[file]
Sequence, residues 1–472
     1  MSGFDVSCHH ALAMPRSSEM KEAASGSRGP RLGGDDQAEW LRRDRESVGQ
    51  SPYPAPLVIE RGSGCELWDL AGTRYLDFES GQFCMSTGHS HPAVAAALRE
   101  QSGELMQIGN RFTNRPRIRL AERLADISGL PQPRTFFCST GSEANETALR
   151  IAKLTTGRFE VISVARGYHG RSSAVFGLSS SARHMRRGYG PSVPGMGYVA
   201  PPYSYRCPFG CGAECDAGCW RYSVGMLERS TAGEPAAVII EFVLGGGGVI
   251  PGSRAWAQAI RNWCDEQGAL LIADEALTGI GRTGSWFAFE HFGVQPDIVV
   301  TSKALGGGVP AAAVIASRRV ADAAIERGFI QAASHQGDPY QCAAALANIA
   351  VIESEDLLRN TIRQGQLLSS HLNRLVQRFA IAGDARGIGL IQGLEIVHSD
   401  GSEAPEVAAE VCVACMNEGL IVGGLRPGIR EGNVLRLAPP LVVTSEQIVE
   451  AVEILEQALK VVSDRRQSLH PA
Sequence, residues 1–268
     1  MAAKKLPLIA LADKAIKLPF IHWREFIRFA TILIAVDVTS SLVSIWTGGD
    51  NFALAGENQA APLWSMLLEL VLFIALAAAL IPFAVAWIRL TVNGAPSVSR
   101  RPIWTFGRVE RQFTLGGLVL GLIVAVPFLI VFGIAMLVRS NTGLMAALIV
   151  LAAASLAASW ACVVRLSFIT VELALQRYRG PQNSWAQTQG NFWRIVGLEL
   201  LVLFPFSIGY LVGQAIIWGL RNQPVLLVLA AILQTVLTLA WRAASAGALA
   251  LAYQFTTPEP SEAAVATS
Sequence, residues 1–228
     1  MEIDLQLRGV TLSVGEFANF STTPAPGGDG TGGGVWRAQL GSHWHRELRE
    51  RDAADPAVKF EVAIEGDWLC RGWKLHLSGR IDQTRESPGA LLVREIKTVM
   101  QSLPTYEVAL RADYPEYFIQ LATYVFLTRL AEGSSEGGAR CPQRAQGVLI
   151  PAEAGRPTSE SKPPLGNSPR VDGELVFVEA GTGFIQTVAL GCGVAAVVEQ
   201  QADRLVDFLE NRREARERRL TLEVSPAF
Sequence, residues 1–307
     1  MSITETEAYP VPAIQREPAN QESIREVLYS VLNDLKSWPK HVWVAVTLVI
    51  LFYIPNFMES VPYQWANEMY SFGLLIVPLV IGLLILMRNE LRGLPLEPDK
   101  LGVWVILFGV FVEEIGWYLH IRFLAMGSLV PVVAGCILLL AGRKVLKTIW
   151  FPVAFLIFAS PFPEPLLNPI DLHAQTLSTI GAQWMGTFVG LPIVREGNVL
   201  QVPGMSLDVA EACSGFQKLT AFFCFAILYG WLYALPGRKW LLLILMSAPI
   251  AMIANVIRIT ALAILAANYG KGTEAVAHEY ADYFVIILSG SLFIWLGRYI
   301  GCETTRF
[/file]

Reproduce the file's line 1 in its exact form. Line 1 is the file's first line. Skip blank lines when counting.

Sequence, residues 1–472